BBC’s documentary moves through four main phases, beginning with a groupAstralopithicus afarensis, and then stopping at other important milestones in our evolution,taking time to examine the dead ends (such as the Neanderthals) as well. The first half is plaguedby an excessively digressive narrative and massive overuse of time lapse photography. Theapemen are wonderfully rendered by real actors in make-up, but their interaction with CGI beastsproduces effects that aren’t qu…te as seamless as in the other (all-CGI) series. All that said, this isstill a great documentary, as lively as it is informative.
The music is given a very powerful mix, though never at the expense of the clear, warm,distrotion-free quality of Andrew Sachs’ narration. The music is so strong, in fact, that it hogsalmost all the rear speaker time to itself. As a result, there are a few missed opportunities as far assound effects are concerned (the crocodile attack early in the film is a good example). When themusic does stop, allowing space for the sound effects, they are good (very nice rain effects inparticular).
The format is 1.78:1 widescreen (though with no indication of anamorphic). The transfer isfirst-rate, with startlingly brilliant colours, deep blacks and contrasts, and no edge enhancementproblems at all (unusual given how dark the figures tend to be). There is one poor moment,however, at the climax to a trip through an animal’s digestive tract. Just as we, from the pointof view of the digested food, re-emerge and hit the ground, the picture breaks up completely.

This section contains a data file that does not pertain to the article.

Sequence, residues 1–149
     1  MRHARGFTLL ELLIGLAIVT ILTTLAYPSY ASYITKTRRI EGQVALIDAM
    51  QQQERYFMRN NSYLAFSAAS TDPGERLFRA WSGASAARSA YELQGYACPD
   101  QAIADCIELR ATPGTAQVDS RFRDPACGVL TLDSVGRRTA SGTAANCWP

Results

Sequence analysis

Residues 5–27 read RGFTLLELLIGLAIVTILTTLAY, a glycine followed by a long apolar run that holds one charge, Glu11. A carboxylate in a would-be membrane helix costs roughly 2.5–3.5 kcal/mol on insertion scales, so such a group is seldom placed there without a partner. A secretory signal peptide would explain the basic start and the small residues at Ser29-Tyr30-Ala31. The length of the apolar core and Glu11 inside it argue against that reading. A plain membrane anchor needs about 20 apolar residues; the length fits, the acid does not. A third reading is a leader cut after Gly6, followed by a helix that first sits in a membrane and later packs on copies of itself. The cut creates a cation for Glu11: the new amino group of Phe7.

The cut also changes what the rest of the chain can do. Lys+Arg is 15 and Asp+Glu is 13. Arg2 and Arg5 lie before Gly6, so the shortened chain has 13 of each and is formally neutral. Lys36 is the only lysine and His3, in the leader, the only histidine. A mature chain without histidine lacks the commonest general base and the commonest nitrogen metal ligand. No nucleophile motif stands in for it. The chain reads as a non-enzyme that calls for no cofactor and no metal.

Interviews galore on offer here. There are three post-production interviews, with producersRichard Dale and Peter Georgi (this is the longest, at 15 minutes), actor David Rubin, andanimated extras director Nick Williams. Then there are 5 on-location interviews. The one wherewe see two actors, in full Boisei make-up, having lunch is priceless. Two hunting sequences aregiven the storyboard-to-animatics-to-film comparison treatment, and the same two sequencesare available for examination in storyboards alone. The mammoth hunt is also shown solo in itsanimatics stage. A score feature plays 9 separate cues, the fact files summarize the differentspecies studied, there’s a captioned photo gallery, and finally there are trailers for BBC America,Walking with Prehistoric Beasts, Blue Planet, and Walking with Dinosaurs/Allosaurus.
This may not be the monumental exercise that Walking with Dinosaurs was, but it is stilltop-notch television, and a disc that will amply reward viewing. The menu’s main page isanimated and scored.
Special Features List
- Post-Production Interviews
- On-Location Interviews
- Storyboard-Animatics-Film Comparisons
- Animatics Sequence
- Score Selections
- Fact Files
- Photo Gallery